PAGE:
Hue was the capital of Vietnam during the decadent 19th-century Nguyen Dynasty, and it is still an important literary and cultural center.

This city 340 mi/545 km southeast of Hanoi was dramatically affected during both wars with the French in the 1940s and later with the Americans in the 1960s-70s: Most of the structures in the centuries-old citadel were severely damaged. Some of those royal buildings have been repaired and rebuilt, including the Forbidden Purple City, the emperor's private residence.

The city is bisected by the Song Huong, or Perfume River (named after a scented shrub that grows there), and along its banks south of Hue lie the many and impressive tombs of the emperors of the Nguyen Dynasty (1802-1945). You can visit the tombs by bicycle or boat. We recommend having your hotel arrange a longboat for you. The driver will take you to the riverbank nearest a tomb or interesting pagoda, show you around or wait while you explore, and then take you to the next one.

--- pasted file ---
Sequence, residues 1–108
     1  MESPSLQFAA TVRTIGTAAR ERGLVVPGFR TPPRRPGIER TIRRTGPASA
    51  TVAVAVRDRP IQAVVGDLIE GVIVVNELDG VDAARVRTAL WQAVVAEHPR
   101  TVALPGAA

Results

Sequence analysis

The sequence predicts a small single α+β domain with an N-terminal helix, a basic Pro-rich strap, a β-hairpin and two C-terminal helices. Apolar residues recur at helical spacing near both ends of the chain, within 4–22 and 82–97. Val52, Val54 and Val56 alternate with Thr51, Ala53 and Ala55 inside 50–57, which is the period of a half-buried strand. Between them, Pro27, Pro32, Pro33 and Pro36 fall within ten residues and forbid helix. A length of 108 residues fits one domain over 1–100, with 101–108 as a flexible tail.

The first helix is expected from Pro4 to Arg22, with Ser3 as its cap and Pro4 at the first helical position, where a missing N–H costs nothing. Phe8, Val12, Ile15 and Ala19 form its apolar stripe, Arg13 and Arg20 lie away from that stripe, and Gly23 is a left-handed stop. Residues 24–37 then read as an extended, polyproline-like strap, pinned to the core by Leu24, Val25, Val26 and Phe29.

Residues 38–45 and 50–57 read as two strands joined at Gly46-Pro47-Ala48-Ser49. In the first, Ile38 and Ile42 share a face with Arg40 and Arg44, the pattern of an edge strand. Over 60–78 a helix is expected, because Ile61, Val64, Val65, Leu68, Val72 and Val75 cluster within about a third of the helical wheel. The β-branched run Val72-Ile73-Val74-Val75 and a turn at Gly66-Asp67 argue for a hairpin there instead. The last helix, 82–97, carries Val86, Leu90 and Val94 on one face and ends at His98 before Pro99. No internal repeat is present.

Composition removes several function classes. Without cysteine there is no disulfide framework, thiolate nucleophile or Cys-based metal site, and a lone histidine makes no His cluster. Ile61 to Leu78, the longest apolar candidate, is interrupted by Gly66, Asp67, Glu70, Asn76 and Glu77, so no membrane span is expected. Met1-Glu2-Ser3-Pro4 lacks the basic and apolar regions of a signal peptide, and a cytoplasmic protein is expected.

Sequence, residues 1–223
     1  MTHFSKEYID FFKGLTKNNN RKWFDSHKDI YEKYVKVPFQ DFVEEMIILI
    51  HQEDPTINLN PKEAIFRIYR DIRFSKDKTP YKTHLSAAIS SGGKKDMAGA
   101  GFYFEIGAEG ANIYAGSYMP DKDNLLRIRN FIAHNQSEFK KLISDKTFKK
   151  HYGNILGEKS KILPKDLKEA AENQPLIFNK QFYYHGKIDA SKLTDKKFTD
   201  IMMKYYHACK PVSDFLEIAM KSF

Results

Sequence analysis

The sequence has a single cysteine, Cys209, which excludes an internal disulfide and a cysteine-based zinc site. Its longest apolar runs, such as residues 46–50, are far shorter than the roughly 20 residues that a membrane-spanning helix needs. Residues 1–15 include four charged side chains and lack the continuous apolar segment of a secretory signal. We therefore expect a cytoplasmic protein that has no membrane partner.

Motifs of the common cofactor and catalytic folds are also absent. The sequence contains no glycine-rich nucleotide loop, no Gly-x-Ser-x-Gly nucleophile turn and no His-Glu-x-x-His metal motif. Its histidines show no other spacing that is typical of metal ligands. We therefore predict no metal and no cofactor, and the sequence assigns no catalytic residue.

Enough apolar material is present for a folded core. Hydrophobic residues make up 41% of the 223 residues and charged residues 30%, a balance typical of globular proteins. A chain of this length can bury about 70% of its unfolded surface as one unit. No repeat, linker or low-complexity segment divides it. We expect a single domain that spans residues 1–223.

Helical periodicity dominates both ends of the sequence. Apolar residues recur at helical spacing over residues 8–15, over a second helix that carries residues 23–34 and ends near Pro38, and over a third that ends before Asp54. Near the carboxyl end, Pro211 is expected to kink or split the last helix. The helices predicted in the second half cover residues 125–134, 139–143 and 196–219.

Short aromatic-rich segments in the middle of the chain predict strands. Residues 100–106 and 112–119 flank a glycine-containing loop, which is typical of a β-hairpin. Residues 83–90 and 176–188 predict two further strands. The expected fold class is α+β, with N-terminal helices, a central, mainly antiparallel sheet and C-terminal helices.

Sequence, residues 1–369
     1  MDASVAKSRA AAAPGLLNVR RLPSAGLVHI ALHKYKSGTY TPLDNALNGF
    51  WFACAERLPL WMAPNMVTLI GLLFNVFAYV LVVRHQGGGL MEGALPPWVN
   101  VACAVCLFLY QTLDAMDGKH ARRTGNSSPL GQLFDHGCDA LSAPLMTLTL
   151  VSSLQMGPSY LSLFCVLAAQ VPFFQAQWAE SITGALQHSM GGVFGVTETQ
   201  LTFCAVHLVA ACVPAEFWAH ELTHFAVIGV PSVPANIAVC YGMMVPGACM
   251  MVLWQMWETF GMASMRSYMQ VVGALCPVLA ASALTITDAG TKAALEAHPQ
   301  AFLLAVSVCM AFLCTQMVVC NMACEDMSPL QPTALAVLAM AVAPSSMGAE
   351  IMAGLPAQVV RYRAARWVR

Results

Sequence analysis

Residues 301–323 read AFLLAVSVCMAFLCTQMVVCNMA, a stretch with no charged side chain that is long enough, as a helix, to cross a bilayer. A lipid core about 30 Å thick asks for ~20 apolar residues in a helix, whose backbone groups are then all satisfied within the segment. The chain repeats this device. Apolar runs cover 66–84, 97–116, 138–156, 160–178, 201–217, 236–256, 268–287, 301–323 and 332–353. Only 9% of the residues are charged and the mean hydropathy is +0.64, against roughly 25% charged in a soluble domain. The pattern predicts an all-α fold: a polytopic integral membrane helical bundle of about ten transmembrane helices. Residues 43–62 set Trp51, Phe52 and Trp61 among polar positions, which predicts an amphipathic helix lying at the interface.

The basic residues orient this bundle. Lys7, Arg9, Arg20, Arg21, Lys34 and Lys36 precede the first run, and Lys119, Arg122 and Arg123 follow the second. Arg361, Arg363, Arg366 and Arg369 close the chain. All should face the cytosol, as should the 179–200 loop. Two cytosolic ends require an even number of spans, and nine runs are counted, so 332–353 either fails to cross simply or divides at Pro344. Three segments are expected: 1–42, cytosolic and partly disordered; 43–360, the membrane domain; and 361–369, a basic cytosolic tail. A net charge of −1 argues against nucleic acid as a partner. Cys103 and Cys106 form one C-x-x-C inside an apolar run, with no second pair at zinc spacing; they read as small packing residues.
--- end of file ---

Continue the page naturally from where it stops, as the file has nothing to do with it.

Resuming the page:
Be sure to arrange stops at Tu Duc (an extensive site with lots of character), Minh Mang (a large and very well-preserved site), Khai Dinh (modest in scale but quite ostentatious) and the Thien Mu Pagoda (a lovely, seven-tiered structure surrounded by gardens).

It is not possible to walk all of Hue, but much can be seen on foot. Always carry an umbrella, as the city has a reputation for bad weather. Hue makes a good base for exploring the Demilitarized Zone. It's best to see the area's historical sites (including the U.S. base at Khe Sanh, the Vinh Moc tunnels, the Ho Chi Minh trails and the Truong Son National Cemetery) with a guide. Various travel agencies in Hue can set you up with one.

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